by Jonathan T. Howe, Esq. | March 01, 2006

It’s tax time again, and this year, a number of new issues will impact meetings and conventions, especially in the realm of deductions claimed by attendees who pay their own way. Following is an update on the latest Internal Revenue Service changes and tips for how meeting professionals can make tax time easier for their attendees. 
    Probably the most significant change in 2006 is that the IRS has added agents to its ranks and announced it will conduct more audits of individuals this year.
    In an era of increased scrutiny of business practices and spending, thanks in large part to the Sarbanes-Oxley Act of 2002, professionals will be under more pressure than ever to prove that any meeting expenses they deduct are legitimate.
    In short, an expense must be related to the taxpayer’s (attendee’s) trade or business in order to be deductible. If the expense is not related or cannot be substantiated, the deduction will be denied by the IRS. The taxpayer must be able to demonstrate that the expenses incurred were “ordinary and necessary.” 
    While the definitions are subjective, the courts have reviewed the question of “ordinary and necessary” in a somewhat practical way. The key here is to be able to justify why the expenses were incurred during the meeting or convention and if they advanced the purpose of business.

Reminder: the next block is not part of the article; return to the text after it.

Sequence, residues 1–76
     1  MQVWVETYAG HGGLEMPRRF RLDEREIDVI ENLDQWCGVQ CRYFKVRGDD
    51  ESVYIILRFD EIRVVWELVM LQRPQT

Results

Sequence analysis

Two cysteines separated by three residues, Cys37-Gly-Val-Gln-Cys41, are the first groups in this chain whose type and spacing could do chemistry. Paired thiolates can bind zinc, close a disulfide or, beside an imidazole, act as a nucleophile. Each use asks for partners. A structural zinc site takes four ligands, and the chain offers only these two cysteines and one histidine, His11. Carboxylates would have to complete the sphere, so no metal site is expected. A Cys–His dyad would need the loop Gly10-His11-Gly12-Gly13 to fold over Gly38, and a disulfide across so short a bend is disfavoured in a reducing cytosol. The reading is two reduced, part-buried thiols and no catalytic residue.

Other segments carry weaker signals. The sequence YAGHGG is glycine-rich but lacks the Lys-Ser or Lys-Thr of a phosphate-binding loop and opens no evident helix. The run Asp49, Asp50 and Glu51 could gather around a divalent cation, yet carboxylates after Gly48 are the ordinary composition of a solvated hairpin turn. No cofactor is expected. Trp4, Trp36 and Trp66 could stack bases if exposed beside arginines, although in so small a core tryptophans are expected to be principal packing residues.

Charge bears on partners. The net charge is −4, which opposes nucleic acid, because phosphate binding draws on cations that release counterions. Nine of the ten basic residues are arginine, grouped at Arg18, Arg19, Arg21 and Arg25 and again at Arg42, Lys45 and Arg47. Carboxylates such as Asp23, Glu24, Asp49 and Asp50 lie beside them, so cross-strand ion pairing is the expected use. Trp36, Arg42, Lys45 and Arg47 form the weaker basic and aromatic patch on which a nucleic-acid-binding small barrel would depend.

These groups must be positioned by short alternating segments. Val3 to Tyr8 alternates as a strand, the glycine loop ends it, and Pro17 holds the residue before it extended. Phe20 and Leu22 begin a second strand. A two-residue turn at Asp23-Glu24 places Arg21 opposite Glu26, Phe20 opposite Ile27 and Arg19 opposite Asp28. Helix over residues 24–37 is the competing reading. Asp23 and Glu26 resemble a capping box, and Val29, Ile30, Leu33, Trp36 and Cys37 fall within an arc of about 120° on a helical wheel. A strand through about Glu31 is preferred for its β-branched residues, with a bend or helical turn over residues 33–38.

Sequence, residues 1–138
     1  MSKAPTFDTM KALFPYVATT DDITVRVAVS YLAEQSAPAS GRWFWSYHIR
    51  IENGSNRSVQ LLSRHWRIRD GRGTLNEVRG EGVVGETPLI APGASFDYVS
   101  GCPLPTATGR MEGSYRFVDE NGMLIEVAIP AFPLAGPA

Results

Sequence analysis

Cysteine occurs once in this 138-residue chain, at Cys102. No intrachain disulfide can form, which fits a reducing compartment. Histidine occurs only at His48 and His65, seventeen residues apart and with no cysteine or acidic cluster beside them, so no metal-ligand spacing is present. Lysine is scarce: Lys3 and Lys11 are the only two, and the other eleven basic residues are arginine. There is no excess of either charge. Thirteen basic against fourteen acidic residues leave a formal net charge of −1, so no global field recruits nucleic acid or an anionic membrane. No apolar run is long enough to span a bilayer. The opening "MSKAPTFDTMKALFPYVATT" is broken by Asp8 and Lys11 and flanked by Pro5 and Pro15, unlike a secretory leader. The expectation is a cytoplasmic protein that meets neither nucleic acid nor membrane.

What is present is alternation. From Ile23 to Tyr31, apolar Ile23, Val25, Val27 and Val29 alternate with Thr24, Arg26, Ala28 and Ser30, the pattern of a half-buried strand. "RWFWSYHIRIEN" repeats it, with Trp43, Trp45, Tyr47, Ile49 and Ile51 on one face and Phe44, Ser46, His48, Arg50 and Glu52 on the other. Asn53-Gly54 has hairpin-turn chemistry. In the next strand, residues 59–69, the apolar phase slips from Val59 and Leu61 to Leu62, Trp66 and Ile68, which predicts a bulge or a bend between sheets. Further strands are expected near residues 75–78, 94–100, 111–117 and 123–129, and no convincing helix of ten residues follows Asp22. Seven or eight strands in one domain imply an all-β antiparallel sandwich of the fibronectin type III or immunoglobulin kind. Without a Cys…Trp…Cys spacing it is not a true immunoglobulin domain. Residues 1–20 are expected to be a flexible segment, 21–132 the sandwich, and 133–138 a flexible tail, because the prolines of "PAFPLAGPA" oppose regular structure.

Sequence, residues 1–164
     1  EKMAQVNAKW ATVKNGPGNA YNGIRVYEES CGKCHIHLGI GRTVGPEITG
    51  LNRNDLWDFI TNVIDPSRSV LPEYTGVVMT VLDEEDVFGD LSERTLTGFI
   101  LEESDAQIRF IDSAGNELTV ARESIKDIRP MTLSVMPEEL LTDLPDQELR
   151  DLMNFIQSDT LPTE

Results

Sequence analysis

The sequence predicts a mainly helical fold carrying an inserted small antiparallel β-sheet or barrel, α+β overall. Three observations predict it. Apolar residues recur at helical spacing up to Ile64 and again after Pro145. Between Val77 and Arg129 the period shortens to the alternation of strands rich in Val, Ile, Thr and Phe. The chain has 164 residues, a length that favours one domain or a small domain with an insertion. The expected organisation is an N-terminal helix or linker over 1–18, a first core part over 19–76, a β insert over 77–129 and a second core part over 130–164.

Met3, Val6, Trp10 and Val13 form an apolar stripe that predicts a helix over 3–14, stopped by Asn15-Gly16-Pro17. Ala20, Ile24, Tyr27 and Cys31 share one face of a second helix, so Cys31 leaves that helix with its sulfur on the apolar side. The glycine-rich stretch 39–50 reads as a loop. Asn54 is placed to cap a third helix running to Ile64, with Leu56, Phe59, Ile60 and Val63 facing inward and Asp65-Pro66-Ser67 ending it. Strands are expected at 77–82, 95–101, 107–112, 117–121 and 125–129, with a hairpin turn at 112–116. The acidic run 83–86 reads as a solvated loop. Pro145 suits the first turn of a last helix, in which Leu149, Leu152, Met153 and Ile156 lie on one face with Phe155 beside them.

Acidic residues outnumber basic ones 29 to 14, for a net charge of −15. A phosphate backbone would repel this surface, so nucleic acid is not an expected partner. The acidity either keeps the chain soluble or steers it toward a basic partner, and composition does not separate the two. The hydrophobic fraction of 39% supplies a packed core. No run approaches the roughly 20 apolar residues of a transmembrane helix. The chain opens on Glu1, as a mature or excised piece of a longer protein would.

How can meeting professionals assist? First, they can prepare collateral materials for meetings or conventions that stress the importance of the trade or business aspects of the event. In other words, the promotional materials, mailings and meeting directories, etc., should focus primarily on the business aspects of the event, rather than on the social angles, thus helping the attendee show the deductions were appropriate.
    Meeting planners also can assist their attendees by minimizing costs that allow smaller deductions. For example, while attendee hotel accommodations are 100 percent deductible, meals and entertainment costs continue to be subject to a 50 percent limitation. (A meal is defined by the IRS as  the total cost for food, beverage, tax and tip.) Knowing that, planners can make food and beverage costs a key focus of their negotiation efforts.

Other tips for keeping the tax man at bay: For business travel to be deductible, the Internal Revenue Code requires the taxpayer “be away from home,” with “home” generally defined as the place of business. In previous years, the IRS required attendees to be away overnight. Today, they can deduct meals and lodging on business trips, including meetings and conventions, as long as they are away from home long enough to require rest or sleep typically more than eight hours.
    Rules governing spouse travel deductions also are more stringent. The only way deductions can be made for a spouse’s or a significant other’s expenses is when that individual is a bona fide employee of the attendee’s self-owned business.
    Other deductions attendees might overlook: baggage and shipping costs incurred for business, dry cleaning and laundry expenses incurred during business travel, and gratuities to baggage handlers and hotel personnel. 

    Because our system of taxation is based on self reporting and documentation, good record keeping is key. Receipts or other forms of substantiation, such as detailed credit card bills, are required for any expense exceeding $75. For all of these costs, the taxpayer needs to clearly demonstrate how the deducted expenses relate to business.